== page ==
Simon Williams (09:53): One final point to note, that's relevant to deals that have both a loan and an interest rate hedge, is that where term CORRA is generally preferable for loan agreements, it's more expensive to hedge a term CORRA benchmark rate than daily CORRA due to just the construction of that rate, thinner liquidity etc.

And so borrowers can either look at if they want to have no basis mismatch between the benchmark rate and the loan versus the hedge, they'll have to tolerate slightly higher hedging costs. Or what we are seeing as well is borrowers having term CORRA under the loan agreement and then hedging based on daily CORRA. So there is a marginal basis differential there, generally pretty small, but that results in lower transaction fees overall.

While most market players have heard that the Canadian Dollar Offered Rate (CDOR) will cease publication in June 2024, understanding the full scope of this change—and why it is happening in the first place—can shed light on how to best move forward under CORRA’s “new normal”.

Simon Williams fills in the blanks about this transformation for Canada’s loans, derivatives, bonds and securitizations, representing about $20 trillion in value. As CDOR is replaced by the Canadian Overnight Repo Rate Average (CORRA), dealmakers and others involved with financial contracts need to take steps to adapt.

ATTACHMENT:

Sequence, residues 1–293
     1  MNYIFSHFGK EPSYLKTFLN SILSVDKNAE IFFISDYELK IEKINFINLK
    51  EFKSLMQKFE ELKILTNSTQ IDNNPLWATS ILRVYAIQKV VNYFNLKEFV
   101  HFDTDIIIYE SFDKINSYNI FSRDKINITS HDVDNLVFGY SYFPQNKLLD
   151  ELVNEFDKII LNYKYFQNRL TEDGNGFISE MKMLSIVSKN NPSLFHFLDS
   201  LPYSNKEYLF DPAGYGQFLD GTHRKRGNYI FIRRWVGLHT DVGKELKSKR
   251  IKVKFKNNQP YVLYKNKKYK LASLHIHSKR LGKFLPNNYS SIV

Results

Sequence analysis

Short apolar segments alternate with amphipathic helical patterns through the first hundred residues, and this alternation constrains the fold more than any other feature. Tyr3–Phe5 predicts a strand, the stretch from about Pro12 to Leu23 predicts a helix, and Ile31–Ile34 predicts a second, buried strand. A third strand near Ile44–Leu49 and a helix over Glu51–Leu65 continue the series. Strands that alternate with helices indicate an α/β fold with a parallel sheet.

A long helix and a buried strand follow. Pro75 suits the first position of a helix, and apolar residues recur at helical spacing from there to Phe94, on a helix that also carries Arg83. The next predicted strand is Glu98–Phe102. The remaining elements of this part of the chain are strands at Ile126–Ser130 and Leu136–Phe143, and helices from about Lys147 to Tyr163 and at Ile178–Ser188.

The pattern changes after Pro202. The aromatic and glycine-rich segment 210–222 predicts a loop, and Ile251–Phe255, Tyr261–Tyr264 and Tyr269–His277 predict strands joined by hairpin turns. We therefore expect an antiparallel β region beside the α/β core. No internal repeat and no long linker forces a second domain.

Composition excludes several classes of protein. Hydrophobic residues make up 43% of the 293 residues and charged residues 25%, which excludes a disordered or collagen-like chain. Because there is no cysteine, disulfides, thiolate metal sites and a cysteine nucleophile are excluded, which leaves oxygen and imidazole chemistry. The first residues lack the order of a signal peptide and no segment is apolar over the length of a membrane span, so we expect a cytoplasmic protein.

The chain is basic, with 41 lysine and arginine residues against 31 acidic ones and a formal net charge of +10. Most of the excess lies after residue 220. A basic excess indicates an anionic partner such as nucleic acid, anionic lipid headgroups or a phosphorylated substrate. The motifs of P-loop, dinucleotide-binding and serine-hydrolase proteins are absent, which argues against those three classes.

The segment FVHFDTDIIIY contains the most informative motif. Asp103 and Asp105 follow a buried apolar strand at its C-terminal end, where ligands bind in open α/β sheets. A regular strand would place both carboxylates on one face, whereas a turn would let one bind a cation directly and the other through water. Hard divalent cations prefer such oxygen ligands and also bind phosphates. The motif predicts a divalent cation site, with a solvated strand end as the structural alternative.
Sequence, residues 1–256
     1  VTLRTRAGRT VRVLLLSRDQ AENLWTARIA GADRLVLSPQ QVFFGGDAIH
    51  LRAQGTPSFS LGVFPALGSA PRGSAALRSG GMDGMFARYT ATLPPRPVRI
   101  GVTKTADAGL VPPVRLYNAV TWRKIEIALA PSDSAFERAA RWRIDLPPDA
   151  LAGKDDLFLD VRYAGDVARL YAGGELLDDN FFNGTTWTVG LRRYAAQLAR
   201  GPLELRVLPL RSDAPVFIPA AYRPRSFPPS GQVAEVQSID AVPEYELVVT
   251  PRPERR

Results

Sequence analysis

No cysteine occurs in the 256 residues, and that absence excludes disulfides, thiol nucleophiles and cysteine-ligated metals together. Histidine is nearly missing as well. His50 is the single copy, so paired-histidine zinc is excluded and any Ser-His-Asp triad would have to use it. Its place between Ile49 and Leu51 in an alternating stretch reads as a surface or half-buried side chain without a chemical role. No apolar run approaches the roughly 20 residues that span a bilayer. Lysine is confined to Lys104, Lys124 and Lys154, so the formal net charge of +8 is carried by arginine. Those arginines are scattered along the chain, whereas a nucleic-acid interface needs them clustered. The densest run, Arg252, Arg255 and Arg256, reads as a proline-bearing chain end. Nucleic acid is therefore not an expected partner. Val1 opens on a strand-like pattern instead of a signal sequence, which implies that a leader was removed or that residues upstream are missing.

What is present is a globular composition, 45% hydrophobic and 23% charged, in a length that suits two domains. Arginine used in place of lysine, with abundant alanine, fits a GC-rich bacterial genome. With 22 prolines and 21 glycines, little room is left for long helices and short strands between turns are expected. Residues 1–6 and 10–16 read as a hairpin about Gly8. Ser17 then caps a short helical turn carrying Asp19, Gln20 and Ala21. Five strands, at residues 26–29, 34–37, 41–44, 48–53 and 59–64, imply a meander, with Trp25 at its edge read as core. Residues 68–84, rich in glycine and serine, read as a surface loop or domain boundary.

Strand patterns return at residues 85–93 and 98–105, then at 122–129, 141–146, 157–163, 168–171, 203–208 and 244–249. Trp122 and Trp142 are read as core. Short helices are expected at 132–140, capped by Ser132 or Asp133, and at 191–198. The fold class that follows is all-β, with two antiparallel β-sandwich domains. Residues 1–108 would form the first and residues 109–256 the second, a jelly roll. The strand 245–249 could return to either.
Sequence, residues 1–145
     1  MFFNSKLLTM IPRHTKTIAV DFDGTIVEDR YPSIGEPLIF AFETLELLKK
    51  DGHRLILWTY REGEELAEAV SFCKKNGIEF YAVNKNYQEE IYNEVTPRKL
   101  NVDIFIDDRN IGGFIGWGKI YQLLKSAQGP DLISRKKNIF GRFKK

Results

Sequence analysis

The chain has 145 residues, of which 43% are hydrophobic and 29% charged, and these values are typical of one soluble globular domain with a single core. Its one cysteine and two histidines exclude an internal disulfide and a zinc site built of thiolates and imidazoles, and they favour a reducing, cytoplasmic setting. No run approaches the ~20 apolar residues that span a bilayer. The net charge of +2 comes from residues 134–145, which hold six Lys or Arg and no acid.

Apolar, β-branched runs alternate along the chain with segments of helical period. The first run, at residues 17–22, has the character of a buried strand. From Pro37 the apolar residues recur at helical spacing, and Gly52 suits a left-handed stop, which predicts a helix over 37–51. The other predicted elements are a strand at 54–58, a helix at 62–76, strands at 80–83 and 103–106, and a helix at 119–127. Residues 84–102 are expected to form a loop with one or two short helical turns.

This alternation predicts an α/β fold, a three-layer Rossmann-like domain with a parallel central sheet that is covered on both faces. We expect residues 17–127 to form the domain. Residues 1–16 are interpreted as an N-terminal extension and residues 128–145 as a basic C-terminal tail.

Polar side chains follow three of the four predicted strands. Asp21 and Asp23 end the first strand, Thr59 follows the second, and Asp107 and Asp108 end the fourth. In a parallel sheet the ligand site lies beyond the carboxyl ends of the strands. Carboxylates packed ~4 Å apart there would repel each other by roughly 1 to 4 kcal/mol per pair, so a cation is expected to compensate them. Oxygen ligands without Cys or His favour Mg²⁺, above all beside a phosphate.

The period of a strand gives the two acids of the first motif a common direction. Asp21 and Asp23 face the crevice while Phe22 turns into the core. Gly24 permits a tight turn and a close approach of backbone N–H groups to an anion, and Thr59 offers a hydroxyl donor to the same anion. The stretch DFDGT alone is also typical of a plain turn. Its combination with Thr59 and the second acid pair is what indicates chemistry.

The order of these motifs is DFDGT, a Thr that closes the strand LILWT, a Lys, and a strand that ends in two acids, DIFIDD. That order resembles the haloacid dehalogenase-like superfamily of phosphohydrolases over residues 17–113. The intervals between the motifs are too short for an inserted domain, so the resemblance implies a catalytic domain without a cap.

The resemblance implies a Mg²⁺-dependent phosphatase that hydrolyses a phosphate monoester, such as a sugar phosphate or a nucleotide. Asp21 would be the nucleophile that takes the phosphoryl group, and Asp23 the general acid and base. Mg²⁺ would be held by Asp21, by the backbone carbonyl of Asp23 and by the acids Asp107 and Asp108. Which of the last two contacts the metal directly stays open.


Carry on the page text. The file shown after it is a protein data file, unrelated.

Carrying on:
In this video, Simon explains:

  • The differences between CDOR and CORRA
  • Why CDOR’s demise is linked to the 2012 LIBOR scandal
  • What has changed already and what will change next year
  • How to proceed on deals involving both a loan and an interest rate hedge

To discuss these issues, please contact the author(s).

This publication is a general discussion of certain legal and related developments and should not be relied upon as legal advice. If you require legal advice, we would be pleased to discuss the issues in this publication with you, in the context of your particular circumstances.

For permission to republish this or any other publication, contact Janelle Weed.